“It’s almost the 2-year anniversary of COVID” - Virginia lawmakers eye the economy as President delivers State of the Union address

Virginia lawmakers have different opinions on how the President should address a variety of economic challenges
Published: Mar. 1, 2022 at 10:38 AM EST
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WASHINGTON (Gray DC) - Virginia lawmakers are focused on the economy as President Joe Biden is set to deliver his first State of the Union address.

“Here’s the reality of that speech, it’s March 1, it’s almost the 2-year anniversary of COVID,” said Sen. Tim Kaine (D-VA). He believes the President will focus a large part of his address on the pandemic.

“I think the suffering, the death, the illness, the economic dislocation have been staggering and we’re not over it yet,” said Kaine. Kaine also expressed hope as COVID-19 case numbers are falling.

“I think the first thing you’re going to hear the President talk about in that speech is just a candid assessment of how difficult the last two years have been. But I also think the President can say, ‘look, I think there’s an American comeback coming. We’re seeing strong job growth. We’re seeing strong wage growth. We’re seeing strong GDP growth. We’re also seeing the fourth factor inflation that we don’t like. Three trends are going in the right direction. One is not going in the right direction. So, we have to acknowledge that and we have to deal with that while celebrating the first three trends that are positive and keeping them in a positive direction,” he said.

A January report from the U.S. Department of Labor found the annual rate of inflation rose to 7.5%. That’s a 40-year high. The same January report found promising news on the job front as employers added 467,000 jobs that month. The agency also reports that employers have raised wages at the fastest rate in 15 years, but that inflation has trimmed real hourly earnings by 1.7%.

Kaine noted economic concerns are increasing as the international community responds to Russia’s invasion of Ukraine.

“I would say that the state of our union is challenged,” said Rep. Ben Cline (R-Va.). “It is challenged from many different directions.”

Cline said in addition to inflation, the pandemic, and the conflict in Russia, the nation is also challenged by border issues and crime concerns within cities.

“You have a crisis related to inflation. Again, created by this administration, assisted by the pandemic, but made worse when we have an administration that cuts off pipelines, that could reduce the cost of gas, that could be making deals with other countries to improve our supply chain. But instead, they’re doubling down on things like Build Back Better, which would exacerbate the spending, exacerbate the inflation and make prices higher for hardworking families,” said Cline.

Rep. Abigail Spanberger (D-Va.) agreed the state of the union is challenged yet, like Kaine, she expressed America has a bright future.

“For some people it feels a little bit further than for others,” she said. She added, “we’ve faced a horrible two years with the COVID-19 pandemic from the impact on kids and schools and families and small business owners to people across our community.”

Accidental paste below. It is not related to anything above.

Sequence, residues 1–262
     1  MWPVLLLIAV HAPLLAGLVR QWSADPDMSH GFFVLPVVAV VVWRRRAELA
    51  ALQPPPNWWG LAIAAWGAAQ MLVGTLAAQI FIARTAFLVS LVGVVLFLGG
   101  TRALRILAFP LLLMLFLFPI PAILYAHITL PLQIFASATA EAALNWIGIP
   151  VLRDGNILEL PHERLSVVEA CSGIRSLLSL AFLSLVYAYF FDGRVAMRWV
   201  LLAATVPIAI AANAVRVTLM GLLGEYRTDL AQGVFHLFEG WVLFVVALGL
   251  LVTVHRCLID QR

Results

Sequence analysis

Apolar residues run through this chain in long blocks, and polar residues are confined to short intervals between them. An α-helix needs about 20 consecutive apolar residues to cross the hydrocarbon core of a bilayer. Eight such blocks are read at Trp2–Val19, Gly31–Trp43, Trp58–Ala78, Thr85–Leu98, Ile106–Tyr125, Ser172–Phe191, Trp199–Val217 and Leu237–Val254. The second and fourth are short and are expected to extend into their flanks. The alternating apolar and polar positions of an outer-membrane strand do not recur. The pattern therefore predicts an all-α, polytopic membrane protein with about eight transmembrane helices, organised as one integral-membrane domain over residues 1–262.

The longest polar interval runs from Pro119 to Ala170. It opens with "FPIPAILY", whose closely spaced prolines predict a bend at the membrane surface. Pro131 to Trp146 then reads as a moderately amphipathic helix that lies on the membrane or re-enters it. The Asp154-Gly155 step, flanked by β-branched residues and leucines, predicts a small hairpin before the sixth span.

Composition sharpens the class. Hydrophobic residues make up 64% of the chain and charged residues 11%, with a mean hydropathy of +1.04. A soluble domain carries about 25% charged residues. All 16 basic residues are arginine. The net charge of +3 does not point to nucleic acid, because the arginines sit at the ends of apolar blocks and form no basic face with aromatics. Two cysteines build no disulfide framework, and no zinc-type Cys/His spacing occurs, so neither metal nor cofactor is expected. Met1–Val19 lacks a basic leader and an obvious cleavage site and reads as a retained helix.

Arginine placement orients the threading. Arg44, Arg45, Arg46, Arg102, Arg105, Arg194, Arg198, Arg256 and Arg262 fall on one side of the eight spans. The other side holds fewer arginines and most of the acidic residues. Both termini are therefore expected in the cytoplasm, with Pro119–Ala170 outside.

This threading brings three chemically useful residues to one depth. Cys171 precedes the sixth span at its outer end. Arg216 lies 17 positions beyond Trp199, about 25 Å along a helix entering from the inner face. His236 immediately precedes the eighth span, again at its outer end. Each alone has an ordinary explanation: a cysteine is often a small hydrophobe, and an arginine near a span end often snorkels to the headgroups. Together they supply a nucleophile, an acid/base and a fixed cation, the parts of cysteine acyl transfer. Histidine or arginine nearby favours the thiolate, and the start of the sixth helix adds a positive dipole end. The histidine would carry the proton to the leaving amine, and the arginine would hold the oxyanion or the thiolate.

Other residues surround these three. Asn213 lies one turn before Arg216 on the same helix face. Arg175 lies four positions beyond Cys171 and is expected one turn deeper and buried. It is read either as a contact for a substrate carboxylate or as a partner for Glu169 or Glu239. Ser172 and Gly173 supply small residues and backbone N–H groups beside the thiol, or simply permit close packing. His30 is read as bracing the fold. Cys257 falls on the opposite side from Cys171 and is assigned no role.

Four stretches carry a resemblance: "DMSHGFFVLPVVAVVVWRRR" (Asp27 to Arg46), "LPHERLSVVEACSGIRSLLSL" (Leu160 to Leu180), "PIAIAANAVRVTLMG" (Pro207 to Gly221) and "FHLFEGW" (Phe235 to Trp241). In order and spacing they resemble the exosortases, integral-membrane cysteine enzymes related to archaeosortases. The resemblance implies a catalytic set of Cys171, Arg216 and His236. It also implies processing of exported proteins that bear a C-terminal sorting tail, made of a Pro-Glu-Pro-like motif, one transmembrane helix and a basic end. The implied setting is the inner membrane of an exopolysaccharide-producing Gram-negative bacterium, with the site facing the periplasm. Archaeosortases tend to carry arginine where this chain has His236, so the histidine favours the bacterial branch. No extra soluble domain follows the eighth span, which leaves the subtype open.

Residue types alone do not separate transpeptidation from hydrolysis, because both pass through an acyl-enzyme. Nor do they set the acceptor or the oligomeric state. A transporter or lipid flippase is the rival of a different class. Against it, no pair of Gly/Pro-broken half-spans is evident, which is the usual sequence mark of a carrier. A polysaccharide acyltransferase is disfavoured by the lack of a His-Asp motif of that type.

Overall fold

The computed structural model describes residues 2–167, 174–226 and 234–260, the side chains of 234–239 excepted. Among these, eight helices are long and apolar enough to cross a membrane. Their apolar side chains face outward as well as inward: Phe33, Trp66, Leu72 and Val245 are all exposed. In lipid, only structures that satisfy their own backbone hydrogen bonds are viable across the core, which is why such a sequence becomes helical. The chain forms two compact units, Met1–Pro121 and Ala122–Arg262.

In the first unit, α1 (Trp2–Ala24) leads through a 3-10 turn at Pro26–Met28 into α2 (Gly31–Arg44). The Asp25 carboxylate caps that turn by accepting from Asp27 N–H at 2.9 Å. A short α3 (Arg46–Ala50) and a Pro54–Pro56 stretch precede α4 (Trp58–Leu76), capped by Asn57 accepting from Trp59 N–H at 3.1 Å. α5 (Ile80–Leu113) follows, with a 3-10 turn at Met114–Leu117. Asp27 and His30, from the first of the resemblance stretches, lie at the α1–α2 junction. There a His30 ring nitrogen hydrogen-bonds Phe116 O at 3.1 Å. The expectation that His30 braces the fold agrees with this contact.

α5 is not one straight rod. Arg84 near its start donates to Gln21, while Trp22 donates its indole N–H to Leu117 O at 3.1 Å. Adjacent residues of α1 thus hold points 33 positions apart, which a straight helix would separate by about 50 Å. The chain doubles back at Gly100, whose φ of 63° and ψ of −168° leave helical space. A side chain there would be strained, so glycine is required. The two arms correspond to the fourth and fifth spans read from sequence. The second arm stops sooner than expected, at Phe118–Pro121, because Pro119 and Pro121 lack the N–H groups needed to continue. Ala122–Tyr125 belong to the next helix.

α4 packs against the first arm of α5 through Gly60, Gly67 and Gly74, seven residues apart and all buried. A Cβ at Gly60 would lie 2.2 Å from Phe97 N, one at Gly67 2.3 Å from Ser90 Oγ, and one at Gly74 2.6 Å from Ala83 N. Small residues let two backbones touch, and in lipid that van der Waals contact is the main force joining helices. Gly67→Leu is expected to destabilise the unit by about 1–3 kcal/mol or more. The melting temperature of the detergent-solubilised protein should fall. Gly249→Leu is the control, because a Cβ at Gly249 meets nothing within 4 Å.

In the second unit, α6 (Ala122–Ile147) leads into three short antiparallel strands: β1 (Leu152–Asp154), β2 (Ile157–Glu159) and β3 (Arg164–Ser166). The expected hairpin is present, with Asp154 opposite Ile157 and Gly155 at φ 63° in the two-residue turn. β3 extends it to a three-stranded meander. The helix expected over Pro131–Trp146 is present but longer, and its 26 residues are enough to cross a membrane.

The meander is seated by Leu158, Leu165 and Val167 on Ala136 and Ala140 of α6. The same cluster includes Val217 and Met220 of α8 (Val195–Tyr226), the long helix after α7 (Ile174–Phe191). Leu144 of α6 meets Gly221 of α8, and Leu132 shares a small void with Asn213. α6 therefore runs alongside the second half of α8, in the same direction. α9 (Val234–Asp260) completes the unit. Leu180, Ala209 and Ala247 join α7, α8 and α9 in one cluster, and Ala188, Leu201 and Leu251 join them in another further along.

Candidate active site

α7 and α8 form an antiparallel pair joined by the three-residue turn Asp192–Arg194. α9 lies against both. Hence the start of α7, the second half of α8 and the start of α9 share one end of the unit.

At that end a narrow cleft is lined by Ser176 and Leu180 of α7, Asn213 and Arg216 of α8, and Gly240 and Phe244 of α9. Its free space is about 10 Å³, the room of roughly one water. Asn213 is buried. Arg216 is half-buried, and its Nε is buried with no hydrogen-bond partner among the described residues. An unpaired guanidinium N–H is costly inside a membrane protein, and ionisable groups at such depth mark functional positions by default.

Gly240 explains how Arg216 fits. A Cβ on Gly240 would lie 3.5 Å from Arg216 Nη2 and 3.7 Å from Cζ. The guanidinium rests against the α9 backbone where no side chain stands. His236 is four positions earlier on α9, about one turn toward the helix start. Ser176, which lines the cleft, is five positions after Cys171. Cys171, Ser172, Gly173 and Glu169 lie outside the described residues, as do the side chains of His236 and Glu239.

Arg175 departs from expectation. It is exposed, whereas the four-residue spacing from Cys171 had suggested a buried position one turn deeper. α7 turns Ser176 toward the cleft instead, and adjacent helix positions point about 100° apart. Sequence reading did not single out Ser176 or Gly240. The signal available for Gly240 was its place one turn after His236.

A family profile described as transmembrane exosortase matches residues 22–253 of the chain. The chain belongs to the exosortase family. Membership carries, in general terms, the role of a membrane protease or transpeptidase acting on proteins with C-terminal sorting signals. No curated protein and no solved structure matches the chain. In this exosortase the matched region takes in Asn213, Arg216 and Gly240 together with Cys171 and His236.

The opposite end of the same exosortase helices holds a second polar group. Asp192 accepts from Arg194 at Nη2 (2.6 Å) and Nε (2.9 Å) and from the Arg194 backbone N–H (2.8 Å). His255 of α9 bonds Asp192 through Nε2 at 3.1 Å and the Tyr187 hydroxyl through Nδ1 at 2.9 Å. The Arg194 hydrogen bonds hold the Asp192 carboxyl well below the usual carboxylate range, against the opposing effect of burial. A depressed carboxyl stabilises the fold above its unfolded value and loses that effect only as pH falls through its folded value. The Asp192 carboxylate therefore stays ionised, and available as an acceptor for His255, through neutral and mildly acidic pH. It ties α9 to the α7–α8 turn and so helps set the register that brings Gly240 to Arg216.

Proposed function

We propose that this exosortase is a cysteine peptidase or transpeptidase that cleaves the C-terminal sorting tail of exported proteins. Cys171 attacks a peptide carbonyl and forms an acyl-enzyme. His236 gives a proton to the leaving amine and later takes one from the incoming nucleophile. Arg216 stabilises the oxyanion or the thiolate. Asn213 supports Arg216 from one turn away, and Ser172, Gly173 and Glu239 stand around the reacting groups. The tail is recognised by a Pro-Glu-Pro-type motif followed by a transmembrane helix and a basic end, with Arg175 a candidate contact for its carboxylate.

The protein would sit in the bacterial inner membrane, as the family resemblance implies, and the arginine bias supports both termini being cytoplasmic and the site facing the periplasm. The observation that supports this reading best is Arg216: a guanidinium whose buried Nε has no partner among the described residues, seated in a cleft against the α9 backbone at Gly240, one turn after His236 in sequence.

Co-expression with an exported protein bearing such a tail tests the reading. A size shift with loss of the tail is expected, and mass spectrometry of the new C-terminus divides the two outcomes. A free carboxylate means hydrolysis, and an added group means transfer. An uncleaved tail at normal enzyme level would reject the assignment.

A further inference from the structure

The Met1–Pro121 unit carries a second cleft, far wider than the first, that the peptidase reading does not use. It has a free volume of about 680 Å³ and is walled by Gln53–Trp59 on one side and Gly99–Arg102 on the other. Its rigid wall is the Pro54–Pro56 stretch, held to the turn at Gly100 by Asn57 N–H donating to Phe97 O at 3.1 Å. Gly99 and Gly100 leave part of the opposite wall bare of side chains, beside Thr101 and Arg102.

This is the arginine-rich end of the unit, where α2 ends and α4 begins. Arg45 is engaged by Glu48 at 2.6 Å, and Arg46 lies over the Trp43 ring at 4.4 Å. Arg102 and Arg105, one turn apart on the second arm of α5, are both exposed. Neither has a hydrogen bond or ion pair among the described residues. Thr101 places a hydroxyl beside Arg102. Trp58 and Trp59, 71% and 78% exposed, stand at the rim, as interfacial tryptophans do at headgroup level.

Spanberger said she has spoken with many families in Virginia who have ‘harrowing’ stories of how they have been impacted by the pandemic as she said it has caused ‘ripple effects’ throughout communities.

“We’ve been separate and apart. We’ve been behind masks. And so the state of our union is one that needs some repair, needs some some TLC and needs frankly good, good legislation focused on creating opportunity, getting at some of the challenges of our supply chain, investing in our country, ensuring that we can compete with other nations, particularly China, that we can produce chips at home, that we can lower the cost of prescription drugs. That we can, you know, be proud in our ability to contend with the challenges that face us as a nation and as a people. So I’m hopeful, but we do have a path ahead of us that continues to present some challenges,” she said.

Sen. Mark Warner (D-VA) said it is never good to bet against America on any issue as he remarked on the pandemic, Russia, and other challenges facing the nation.

“We’ve got enormous international concerns right now with Russia threatening Ukraine. We’ve got a rising China that we really have to grapple with. And there are things, for example, we’ve done in the Senate that would say that we ought to invest a lot more in research and development,” he said.

Warner expressed hope lawmakers would be able to work on a bipartisan basis on those issues, as well as economic issues including lowering the cost of childcare and tackling childhood education. He also expressed an interest in focusing more on climate change.

“You know, there’s a lot more of us, at least in the Senate, that actually do work together. The loud-mouths on either end of the extreme get a lot of the attention. But, there’s an awful lot of things that we are working together on a bipartisan basis and we ought to just frankly amplify that a little bit more,” he said.

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